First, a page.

MINOT, N.D. — Moorhead, Minnesota, made national headlines recently in a way that no community wants to make national headlines.

A mosque, the Moorhead Fargo Islamic Community Center, was vandalized with spray-painted racial slurs, bigoted statements, and allusions to Nazism.

A 22-year-old Dickinson man has been arrested for the crime, thanks to the detective work of a Walmart loss prevention expert, and according to court filings he apparently told law enforcement officers the vandalism was “a joke.”

It’s a “joke” that will likely change the trajectory of the rest of his life once he’s made his way through the criminal justice system.

The community response to the vandalism was, in a word, wonderful. Hundreds of people, many of them not affiliated with the mosque or the Muslim community, showed up to clean up the vandalism and express support for their neighbors. Unfortunately, while the vandalism itself made national headlines, the coverage of the cleanup response was more muted.

What you may not know, since it got far less attention, is that another religious building was vandalized across the Red River in Fargo just days before the mosque was besmirched.

On April 20, a statue of Jesus in front of St. Mary’s Cathedral in downtown Fargo was also vandalized with paint. Someone painted the face black, which some have chosen to interpret on some sort of commentary on the traditional portrayals of Jesus by western Christians as a white man with northern European features, but that may be giving the idiot(s) responsible too much credit for creativity.



(By the way, most societies tend to reshape portrayals of religious icons to fit their racial and cultural identities. Artistic representations of the Buddah in Japan are notably different from those in, say, India. Chinese depictions of Jesus have him looking decidedly…Chinese.)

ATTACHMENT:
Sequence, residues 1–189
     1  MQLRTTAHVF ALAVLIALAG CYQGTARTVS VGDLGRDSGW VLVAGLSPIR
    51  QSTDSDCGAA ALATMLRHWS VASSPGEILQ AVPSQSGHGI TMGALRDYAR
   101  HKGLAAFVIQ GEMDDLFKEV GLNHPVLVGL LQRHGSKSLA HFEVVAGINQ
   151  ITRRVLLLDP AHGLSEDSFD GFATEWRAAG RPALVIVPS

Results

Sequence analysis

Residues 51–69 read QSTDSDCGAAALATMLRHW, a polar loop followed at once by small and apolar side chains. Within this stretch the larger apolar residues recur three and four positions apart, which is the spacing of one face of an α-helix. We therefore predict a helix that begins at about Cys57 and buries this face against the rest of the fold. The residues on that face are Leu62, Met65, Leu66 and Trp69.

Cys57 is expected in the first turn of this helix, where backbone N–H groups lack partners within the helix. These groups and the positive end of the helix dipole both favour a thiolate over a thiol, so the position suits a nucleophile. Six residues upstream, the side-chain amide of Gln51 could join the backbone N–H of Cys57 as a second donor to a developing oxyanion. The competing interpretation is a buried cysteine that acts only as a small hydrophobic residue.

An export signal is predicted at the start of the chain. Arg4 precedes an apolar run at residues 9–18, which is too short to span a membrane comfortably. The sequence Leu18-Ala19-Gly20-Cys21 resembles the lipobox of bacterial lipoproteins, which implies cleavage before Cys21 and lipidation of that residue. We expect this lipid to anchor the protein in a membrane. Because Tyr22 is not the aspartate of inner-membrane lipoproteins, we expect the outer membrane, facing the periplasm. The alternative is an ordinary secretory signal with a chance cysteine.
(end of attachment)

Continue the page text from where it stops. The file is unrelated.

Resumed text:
The vandalism at St. Mary’s was, admittedly, not as extensive as that which was afflicted in Moorhead, but does that fully explain the disparity of community response?

No crowds showed up to clean the statue. The media coverage of the vandalism was far less extensive.

This wasn’t the first time a Catholic church in Fargo has been targeted for vandalism, either. In 2018 a statue of the Virgin Mary in front of St. Anthony of Padua church was decapitated. In 2013, vandals broke into that same church and broke windows and ripped up cabinets.

I point these things out not to argue that there was anything untoward about the community response to what happened to the Moorhead mosque. I wish it hadn’t been necessary, but if there can ever be a silver lining to an expression of hatred, it’s that it gives the rest of an opportunity to unite in opposition.

Also, I’m an atheist and have expressed plenty of frustration with the various dogmas of both Catholicism and Islam, which is my way of saying that I don’t really have a dog in this fight.

What worries me is that we often vary our responses to crimes motivated by antipathy toward certain races or religions based on which races or religions are targeted.

If we care about freedom of religion, we must support it for all religions.

If we care about opposing bigotry and hatred, we must fight it in all of its forms.